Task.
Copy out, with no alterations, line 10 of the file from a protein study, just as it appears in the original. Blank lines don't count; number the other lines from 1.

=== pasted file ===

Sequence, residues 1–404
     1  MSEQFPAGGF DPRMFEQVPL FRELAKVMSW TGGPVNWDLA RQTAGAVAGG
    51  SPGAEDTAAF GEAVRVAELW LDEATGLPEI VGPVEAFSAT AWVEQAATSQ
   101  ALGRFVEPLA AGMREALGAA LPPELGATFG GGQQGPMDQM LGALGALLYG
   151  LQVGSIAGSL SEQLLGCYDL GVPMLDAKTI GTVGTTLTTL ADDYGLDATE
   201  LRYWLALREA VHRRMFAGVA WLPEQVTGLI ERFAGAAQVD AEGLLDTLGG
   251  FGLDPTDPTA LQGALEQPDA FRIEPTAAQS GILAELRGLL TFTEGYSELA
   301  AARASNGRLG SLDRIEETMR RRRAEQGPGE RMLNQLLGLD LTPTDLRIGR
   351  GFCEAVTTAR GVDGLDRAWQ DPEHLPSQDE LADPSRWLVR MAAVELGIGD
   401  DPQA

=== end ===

   401  DPQA